Vitamin D is a key player in bone health, but do we need to take supplements to get enough of it?
The United Kingdom’s independent Scientific Advisory Committee on Nutrition, a community of experts that advises government agencies, thinks so. It announced draft recommendations last week for a 10 microgram dietary supplement of vitamin D for U.K. citizens aged 1 year or older.
Last year, the vitamin supplement industry was worth about $36.7 billion, a record high, according to the Nutrition Business Journal, and industry experts expect it will continue to grow. While sales of most letter vitamin supplements decreased in that time, sales of vitamin D — which helps the body absorb calcium from foods and supplements — increased 8.1%.
The Institute of Medicine, a nonprofit public policy consulting organization, recommends a daily dose of 600 international units, or 15 micrograms, for the average American or Canadian.
Dr. John Cannell, founder of the vitamin D Council, said natural levels, or those of people exposed to the sun for the majority of their day, are around 5,000 to 10,000 IUs. He added that changing attitudes toward sun damage have limited people’s opportunities to produce vitamin D in the skin.
“There are two choices, to get it from sunlight or take it as a supplement. There is no third choice,” Cannell said. “People have to make a choice.”
Cannell said there is no definitive answer to how much sun exposure will allow your skin to produce an adequate amount of vitamin D.
He added that vitamin D is incredibly important for growth and development, especially in pregnant women and young children.
Cannell said he recommends people take 5,000 IU a day if they are not out in the sun, though in an ideal world the most effective method of administration would be to eat foods fortified with vitamin D. Most foods don’t currently contain a lot of vitamin D, but he said manufacturers could add it to more foods.
Deficiency in the nutrient has been linked to poor health conditions, including heart disease, cancer and osteoporosis. However, as two studies — published in the January 2014 issue of The Lancet — from researchers in France and New Zealand suggest, low vitamin D levels may be a result of poor health rather than a cause.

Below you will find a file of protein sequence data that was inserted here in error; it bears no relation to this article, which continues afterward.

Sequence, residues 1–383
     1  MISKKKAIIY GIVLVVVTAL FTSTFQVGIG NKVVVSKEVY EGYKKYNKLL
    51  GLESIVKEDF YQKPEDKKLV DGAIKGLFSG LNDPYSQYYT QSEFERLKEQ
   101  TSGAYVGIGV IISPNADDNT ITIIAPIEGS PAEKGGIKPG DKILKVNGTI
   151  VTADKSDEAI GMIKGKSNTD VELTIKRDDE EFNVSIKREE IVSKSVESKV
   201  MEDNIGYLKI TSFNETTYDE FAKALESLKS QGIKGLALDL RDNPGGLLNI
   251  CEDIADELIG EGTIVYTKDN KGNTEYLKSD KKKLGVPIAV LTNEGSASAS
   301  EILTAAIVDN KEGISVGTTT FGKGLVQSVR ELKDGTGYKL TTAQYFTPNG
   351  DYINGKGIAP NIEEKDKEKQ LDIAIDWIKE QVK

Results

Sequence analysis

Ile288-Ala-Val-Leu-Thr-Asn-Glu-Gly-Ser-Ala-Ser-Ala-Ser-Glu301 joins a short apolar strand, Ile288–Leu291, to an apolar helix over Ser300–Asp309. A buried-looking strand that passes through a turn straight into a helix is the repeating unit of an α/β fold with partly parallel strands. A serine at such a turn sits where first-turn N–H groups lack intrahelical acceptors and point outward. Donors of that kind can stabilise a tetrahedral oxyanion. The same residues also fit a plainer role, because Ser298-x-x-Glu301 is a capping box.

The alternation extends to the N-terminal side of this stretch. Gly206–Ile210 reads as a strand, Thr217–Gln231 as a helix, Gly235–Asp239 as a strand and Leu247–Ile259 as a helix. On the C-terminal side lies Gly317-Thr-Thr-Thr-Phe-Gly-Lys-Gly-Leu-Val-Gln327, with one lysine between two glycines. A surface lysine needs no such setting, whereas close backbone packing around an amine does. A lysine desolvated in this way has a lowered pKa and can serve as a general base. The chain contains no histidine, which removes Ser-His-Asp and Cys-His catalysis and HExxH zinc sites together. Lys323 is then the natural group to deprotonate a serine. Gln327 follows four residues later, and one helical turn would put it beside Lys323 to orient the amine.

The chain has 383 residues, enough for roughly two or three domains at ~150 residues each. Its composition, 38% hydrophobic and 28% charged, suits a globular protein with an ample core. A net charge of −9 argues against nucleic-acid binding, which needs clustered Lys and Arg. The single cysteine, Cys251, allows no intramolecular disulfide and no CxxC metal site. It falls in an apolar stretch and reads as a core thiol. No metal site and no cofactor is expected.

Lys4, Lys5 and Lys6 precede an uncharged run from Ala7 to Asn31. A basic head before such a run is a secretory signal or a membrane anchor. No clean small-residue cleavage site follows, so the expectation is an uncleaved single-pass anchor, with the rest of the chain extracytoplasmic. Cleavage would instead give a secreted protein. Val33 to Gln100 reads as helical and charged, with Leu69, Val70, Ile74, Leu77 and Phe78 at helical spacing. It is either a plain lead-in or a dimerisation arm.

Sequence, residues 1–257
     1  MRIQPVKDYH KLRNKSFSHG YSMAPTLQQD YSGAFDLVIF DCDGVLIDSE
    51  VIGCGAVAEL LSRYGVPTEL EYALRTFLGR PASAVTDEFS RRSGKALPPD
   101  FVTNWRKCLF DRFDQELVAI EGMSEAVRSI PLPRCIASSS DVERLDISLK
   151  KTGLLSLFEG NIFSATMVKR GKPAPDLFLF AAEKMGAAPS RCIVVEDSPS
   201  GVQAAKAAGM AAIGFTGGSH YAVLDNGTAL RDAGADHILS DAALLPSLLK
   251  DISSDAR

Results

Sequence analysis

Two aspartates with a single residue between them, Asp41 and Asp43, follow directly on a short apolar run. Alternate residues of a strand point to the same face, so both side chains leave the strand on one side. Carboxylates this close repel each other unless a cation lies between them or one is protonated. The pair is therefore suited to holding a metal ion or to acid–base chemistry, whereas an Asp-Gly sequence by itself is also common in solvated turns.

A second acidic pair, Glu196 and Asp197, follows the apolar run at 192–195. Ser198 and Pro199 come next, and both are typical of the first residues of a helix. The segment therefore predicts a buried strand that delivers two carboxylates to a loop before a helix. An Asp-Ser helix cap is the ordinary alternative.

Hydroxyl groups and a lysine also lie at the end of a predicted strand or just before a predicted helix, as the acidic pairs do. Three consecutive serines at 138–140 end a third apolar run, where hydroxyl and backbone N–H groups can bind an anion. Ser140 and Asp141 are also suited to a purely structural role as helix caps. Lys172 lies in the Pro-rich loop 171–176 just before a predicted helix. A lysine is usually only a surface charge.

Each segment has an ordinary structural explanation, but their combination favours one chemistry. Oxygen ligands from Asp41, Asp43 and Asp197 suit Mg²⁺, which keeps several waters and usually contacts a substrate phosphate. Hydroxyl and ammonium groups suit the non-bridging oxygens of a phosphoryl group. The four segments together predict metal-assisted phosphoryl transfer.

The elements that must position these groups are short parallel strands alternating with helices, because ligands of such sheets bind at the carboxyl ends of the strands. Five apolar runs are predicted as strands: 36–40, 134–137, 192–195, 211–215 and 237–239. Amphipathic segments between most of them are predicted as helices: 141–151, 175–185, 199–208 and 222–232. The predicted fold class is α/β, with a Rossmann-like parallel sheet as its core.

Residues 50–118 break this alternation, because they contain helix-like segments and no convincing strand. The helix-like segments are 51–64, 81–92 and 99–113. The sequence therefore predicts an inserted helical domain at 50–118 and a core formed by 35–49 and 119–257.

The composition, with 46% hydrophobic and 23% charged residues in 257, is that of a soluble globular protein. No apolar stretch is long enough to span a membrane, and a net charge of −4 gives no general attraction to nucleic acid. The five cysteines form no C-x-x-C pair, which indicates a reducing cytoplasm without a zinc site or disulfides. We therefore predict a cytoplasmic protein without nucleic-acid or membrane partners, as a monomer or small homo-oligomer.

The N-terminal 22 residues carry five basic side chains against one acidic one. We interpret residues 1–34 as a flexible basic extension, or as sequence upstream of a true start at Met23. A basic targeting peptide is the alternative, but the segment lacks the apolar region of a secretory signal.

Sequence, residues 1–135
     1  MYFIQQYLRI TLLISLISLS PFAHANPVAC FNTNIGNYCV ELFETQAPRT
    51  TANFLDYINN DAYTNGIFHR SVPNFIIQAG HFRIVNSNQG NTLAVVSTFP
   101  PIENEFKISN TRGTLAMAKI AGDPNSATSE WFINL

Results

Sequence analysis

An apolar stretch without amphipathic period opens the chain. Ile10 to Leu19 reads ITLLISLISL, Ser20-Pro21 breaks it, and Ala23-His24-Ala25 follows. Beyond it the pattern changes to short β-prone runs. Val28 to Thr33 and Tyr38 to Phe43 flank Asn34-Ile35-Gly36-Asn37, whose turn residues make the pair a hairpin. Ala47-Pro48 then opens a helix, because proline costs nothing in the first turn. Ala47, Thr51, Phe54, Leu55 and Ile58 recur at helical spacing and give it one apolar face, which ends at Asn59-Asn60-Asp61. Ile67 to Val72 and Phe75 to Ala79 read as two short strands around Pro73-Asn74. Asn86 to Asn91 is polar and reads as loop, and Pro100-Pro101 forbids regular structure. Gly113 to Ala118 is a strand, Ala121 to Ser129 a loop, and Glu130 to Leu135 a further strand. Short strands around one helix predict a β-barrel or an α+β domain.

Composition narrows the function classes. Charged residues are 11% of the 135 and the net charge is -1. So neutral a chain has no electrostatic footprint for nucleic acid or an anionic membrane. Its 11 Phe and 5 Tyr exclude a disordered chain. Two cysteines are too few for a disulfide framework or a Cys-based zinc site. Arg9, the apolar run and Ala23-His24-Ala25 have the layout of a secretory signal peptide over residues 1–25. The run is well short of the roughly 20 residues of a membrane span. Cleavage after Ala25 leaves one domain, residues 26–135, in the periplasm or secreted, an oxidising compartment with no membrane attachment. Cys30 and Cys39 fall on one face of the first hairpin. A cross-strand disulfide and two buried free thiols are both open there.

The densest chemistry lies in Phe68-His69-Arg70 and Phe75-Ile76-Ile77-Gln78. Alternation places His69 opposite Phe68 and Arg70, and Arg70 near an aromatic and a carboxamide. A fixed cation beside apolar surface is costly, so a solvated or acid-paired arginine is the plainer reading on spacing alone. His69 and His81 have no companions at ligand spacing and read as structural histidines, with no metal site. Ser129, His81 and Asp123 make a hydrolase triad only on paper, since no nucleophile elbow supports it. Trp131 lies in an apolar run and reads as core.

“What [the researchers] concluded was that there are associations with many different health problems that lead to low vitamin D levels,” said Steven Salzberg, a biomedical engineering, computer science and biostatistics professor at Johns Hopkins University.
Unless your doctor finds that you have a vitamin D deficiency, “routine supplementation of vitamin D does not provide any benefits,” Salzberg said.
Exposing your skin to sunlight for half the time it takes for it to turn pink can give you the adequate amount of vitamin D, according to the vitamin D Council, a nonprofit organization.
Dr. A. Marc Gillinov, a heart surgeon at the Cleveland Clinic, wrote in a blog for the Huffington Post that just 10 minutes of direct sun exposure to your arms and legs while not wearing sunscreen can give you about 3,000 IUs of vitamin D — five times the recommended daily dosage.
“Most healthy adults do not need to take vitamin D supplements,” Gillinov wrote. “Extra vitamin D does not improve health in those without bone disease. Get your vitamin D the old fashioned way.”
Too much vitamin D, which the National Institute of Health states as more than 10,000 IUs for children 9 years and older and adults, can cause nausea, vomiting, disorientation, problems with heart rhythm and kidney damage.
“You think that since a little bit is good for you, more is probably better,” Salzberg said. “But it’s not.”